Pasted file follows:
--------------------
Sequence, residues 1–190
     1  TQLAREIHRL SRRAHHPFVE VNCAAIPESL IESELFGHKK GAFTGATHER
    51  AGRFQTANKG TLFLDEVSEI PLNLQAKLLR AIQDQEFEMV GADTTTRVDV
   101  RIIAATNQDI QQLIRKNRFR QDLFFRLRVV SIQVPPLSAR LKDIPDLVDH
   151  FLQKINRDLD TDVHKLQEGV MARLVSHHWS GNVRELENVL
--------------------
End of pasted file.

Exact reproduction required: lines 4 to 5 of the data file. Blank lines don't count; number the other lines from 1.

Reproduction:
   101  RIIAATNQDI QQLIRKNRFR QDLFFRLRVV SIQVPPLSAR LKDIPDLVDH
   151  FLQKINRDLD TDVHKLQEGV MARLVSHHWS GNVRELENVL